An unpopular teenage girl, whose mother is a religious fanatic, is tormented and teased to the breaking point by her more popular schoolmates. She uses her hidden telekinetic powers to inflict a terrifying revenge.
©1974 Stephen King (P)2012 Random House Audio
"A master storyteller." (The Los Angeles Times)
"Guaranteed to chill you." (The New York Times)
"Gory and horrifying.... You can't put it down." (Chicago Tribune)
The best so far
How detailed it was, it actually made you connect to the characters and understand the unfolding of a tragedy
She is great, and considering she starred in the original movie, I think she connected to this book in a personal way
The ending, when Sue and Carrie were together. A moment of what I felt was guilt, love, and friendship, and perhaps for Sue growing up.
I actually watch this film when it came out. It was terrific in it's time. I also have read most of Stephen Kings books, including this one years ago. I couldn't resist listening to this book again especially with Sissy Spacek as the reader. Despite the fact I read it years ago, it was more enchanting and captivating then before. Perhaps because I was about their age when it came, out, and years of life can give you a new sense of understanding. I don't see Carrie as a horror book or movie, I see it as a tragedy. And just how cruelness to others can bring out the worse in people who are actually good, but pushed to the brink of madness.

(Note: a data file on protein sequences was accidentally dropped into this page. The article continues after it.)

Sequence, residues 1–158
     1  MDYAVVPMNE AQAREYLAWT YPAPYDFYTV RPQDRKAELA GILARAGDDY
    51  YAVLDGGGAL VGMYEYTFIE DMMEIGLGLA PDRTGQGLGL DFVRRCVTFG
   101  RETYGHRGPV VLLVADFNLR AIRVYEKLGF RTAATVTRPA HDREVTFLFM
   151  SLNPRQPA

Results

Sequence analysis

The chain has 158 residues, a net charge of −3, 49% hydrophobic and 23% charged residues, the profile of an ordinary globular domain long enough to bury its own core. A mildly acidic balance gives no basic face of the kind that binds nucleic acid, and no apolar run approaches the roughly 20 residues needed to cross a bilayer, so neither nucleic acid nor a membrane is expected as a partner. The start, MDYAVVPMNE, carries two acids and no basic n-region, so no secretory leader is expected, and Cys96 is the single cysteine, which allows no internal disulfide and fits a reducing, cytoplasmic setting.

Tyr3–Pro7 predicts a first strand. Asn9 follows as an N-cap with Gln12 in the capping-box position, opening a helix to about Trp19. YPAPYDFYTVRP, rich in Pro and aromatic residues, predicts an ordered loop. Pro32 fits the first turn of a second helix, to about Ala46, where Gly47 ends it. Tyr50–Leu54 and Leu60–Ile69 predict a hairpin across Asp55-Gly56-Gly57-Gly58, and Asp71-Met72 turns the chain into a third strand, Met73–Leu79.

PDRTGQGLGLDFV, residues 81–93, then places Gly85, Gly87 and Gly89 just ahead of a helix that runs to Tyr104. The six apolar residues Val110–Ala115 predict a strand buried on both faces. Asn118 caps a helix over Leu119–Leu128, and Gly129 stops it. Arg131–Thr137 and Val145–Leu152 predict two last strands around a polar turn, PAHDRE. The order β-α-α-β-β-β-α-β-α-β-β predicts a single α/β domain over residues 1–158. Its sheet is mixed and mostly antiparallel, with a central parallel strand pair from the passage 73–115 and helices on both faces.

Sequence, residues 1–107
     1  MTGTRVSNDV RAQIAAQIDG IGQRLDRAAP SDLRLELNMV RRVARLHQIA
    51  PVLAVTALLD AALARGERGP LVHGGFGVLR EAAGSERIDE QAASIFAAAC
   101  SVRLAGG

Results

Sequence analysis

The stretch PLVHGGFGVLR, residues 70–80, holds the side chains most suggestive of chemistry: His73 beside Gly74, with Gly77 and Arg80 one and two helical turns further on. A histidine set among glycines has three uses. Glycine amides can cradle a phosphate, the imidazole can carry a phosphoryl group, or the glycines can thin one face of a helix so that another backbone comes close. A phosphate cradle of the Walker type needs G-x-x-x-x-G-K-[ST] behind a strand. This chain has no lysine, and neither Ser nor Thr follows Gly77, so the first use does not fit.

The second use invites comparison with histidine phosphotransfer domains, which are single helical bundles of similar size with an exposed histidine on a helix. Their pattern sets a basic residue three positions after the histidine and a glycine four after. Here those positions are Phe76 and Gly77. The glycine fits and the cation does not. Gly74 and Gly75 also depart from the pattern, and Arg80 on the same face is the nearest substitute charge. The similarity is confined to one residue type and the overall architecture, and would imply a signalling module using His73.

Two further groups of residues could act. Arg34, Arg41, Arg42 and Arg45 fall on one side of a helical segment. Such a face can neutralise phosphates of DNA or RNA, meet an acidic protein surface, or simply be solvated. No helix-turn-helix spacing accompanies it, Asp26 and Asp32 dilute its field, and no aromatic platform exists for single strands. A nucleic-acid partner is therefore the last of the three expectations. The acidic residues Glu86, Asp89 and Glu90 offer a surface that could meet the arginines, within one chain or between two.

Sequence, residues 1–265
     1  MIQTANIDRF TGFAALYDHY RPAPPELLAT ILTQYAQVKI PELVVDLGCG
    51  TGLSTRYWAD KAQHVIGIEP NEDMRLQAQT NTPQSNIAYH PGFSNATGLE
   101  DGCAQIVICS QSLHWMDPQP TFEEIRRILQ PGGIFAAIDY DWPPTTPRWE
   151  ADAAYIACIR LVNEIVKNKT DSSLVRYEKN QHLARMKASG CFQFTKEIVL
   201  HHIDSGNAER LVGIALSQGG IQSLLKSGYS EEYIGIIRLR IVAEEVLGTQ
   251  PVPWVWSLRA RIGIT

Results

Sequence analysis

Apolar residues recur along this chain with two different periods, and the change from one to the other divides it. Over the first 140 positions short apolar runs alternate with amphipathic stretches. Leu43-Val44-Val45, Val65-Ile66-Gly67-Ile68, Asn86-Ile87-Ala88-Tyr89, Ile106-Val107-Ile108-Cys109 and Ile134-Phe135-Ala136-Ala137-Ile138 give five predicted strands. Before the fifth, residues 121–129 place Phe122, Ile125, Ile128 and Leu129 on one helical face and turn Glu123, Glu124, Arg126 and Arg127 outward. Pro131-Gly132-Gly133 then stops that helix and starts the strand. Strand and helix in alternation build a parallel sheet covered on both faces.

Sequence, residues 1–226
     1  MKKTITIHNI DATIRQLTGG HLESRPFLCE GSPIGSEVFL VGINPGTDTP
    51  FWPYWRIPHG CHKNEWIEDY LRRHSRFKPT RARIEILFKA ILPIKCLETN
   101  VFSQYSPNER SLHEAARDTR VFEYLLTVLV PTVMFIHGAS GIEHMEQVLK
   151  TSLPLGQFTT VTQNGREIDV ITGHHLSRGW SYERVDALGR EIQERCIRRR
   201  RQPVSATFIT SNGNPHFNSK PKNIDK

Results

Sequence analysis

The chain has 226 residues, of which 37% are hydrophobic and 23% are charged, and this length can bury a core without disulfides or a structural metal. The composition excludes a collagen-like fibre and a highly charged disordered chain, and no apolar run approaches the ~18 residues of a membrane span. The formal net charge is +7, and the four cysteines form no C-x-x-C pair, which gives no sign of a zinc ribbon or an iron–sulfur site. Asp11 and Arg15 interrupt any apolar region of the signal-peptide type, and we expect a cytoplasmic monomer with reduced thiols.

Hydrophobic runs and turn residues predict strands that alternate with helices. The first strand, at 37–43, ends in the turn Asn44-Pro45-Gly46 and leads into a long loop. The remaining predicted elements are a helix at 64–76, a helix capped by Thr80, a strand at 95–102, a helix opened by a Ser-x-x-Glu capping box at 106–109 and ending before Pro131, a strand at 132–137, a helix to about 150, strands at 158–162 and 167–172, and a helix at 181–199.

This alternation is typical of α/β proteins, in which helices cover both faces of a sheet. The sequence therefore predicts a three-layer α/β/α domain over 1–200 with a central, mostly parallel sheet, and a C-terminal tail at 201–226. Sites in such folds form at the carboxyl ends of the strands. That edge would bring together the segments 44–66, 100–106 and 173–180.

Great reading by Sissy Spacek ! The prologue by Stephen King is interesting, too, for the origins of the character and story. It's got some slow spots, and the writing isn't as polished as later work by The Master, but it's definitely worth listening to.
But I write for myself, for my own pleasure. And I want to be left alone to do it. - J.D. Salinger ^(;,;)^
“Sorry is the Kool-Aid of human emotions. It's what you say when you spill a cup of coffee or throw a gutter ball when you're bowling with the girls in the league. True sorrow is as rare as true love.”
― Stephen King, Carrie
There is a giant, dark gap in my reading history where Stephen King belongs. I've read a couple of his mid-career "also" novels (The Dark Half, Needful Things, etc). Some of his better known novels seemed a bit like a redundant read. They have soaked into the collective consciousness. But there is also this strange magnetism of his work. I don't want to just know 'Carrie' by the movie (or I guess movies and a musical is more technically correct). I want to read it clean and clear. So, I've been waiting patiently and now I've finished 'Carrie' and it was about what I expected. This, the earliest of King's novels, shows clear sign that King was always more than just your run-of-the-mill hypergraphic. He possesses/ed a certain vision and creative ability to mine all the dark, dank and soft corners. He recognized early that true horror isn't born from just blood or a knife, but from the emotions and fanaticisms and the brain.
Anyway, I liked it. I'll probably now have to read/listen to 'The Stand', 'The Shining', 'Cujo', and a handful of the other pillars of horror thrown upon us by Maine's Dark King.
Many young persons have never read Carrie, depending on the movie to tell them the story. Big mistake. This is far better than the film.
The prom of course. Readers get to see it from different points of view and it makes the experience richer and more unforgetable.
Hopefully the reader will look upon bullying in a different light after reading Carrie and the forward by Stephen King. It is not a victimless harmless activity.
I have loved this book since I was 14. Except for some references, the story is timeless.. A great start to an amazing career. Bravo Stephen!